Electron spectroscopy studies of vacuum deposited chromium and cobalt layers

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Doctoral thesis (article-based)
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42, [50]
Dissertations / Laboratory of Physics, Helsinki University of Technology, 136
Vacuum created model systems give the possibility for detailed study of the substrate–adsorbate interaction. In this work two systems have been created by vacuum deposition and these have been characterized with different electron spectroscopies. A chromium oxide model catalyst has been studied with X-ray photoelectron spectroscopy (XPS) and a magnetically interesting epitaxial Co/Cu system has been characterized with low energy electron diffraction (LEED). Alumina supported chromium oxides are widely used as dehydrogenation catalysts. The nature of the active sites and the reaction paths are still somewhat unclear. We have used the model catalyst approach in order to understand the properties of supported chromium oxide catalysts. The growth of chromium on a thin alumina film has been studied. The oxidation and reduction of this model catalyst and alumina supported chromium oxide catalysts have been compared. The model catalyst can be oxidized under vacuum to the active oxidation state Cr3+, but not further. In calcination and reduction the model catalyst was found to exhibit similar behavior as supported catalyst. This similarity suggests that the model catalyst can be used to study e.g. dehydrogenation reactions carried out on supported chromium oxides despite of the structural differences. The chemical state information obtained from XPS measurements by peak fitting is subject to many systematic and random errors. We have studied the effect of the background subtraction method on the derived chemical state proportions of chromium and iron oxides with two oxidation states. The effect of the background choice was found to be comparable to typical systematic errors related to uncertain peak fitting parameters. Epitaxial layers of Co and Cu show interesting magnetic properties, such as giant magnetoresistance. Undesired interface mixing has been observed when growing these layers. In this work Co was deposited onto a Cu(001) single crystal to model the interface structure. Co was found to form random surface alloys exhibiting substitutional copper sites. When the Co coverage increases to several monolayers, a transition to layer growth is observed. These findings can be used to model the magnetic properties of Co/Cu layers.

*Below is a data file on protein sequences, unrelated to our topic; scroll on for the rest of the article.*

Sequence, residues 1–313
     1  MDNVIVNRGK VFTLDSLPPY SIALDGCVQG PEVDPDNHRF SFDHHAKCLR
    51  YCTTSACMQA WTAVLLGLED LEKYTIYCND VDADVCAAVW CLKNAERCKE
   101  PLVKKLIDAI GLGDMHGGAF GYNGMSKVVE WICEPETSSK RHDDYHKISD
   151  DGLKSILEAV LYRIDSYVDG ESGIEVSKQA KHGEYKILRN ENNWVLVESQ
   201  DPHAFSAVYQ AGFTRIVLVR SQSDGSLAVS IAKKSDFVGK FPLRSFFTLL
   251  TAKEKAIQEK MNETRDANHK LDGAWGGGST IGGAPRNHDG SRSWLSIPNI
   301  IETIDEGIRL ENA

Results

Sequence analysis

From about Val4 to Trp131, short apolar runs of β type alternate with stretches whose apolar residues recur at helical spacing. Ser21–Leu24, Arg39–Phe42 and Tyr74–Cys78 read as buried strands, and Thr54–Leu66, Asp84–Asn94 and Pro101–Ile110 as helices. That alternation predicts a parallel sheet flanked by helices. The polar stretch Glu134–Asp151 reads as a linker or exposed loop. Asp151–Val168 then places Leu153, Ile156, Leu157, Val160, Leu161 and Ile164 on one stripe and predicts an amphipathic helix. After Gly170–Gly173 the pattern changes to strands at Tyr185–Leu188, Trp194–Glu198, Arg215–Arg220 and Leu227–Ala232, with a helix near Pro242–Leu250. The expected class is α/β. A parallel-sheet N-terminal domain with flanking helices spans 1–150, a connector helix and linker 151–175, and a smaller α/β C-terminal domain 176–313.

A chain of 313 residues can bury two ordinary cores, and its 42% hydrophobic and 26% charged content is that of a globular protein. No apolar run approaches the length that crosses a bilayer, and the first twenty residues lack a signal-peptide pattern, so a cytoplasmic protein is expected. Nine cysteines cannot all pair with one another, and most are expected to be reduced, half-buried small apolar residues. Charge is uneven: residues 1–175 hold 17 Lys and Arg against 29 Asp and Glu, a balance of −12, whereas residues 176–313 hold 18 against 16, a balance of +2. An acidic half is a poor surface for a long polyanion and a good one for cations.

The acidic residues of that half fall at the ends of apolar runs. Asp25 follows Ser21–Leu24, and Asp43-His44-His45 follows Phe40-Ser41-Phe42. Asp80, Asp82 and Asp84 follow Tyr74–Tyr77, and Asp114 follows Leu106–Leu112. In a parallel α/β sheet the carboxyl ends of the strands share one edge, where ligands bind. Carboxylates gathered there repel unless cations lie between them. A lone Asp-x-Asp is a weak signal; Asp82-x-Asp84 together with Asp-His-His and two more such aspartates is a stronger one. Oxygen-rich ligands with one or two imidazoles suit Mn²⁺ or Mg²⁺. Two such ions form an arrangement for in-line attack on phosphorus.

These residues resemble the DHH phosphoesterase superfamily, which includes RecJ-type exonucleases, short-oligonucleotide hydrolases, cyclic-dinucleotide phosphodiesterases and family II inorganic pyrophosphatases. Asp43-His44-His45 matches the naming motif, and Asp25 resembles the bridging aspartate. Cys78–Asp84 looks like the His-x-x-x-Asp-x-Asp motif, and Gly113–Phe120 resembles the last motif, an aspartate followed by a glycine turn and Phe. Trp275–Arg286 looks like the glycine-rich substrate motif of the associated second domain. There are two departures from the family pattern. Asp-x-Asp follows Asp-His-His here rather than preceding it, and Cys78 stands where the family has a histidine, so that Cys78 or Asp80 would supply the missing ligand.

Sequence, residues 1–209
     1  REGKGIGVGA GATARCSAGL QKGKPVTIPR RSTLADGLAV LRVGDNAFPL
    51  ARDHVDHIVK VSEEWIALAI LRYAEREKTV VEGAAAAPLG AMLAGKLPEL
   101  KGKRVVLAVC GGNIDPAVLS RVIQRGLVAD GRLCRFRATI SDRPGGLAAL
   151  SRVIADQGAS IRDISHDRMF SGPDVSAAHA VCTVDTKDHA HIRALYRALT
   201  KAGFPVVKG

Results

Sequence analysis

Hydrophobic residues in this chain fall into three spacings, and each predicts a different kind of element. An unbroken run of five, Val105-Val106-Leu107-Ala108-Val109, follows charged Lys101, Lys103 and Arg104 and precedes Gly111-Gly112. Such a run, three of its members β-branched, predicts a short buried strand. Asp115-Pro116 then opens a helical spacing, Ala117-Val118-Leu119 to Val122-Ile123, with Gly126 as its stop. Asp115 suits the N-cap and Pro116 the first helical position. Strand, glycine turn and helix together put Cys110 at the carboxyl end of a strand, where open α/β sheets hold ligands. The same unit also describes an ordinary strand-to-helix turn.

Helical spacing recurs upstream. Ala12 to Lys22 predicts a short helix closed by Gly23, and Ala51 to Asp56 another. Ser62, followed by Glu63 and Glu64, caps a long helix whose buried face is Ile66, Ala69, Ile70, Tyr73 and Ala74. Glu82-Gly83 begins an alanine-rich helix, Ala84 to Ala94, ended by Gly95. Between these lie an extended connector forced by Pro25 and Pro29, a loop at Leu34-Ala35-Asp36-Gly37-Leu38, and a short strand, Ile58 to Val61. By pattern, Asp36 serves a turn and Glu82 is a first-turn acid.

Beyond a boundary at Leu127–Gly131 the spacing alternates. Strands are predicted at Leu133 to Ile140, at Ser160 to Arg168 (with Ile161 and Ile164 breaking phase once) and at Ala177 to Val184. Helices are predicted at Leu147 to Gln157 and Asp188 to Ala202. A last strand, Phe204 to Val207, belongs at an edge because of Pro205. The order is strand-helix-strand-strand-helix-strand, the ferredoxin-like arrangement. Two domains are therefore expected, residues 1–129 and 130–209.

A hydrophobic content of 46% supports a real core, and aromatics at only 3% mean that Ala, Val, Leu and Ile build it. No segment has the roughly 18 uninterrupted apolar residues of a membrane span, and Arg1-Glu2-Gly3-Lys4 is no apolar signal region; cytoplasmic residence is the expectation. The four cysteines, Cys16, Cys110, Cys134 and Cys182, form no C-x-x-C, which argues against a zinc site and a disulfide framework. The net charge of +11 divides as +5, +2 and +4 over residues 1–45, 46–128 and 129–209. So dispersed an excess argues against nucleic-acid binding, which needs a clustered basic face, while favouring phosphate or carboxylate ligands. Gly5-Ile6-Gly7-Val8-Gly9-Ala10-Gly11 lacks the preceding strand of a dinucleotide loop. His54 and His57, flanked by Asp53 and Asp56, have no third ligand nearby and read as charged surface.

model catalyst, chromium oxide, cobalt, photoelectron spectroscopy, low energy electron diffraction
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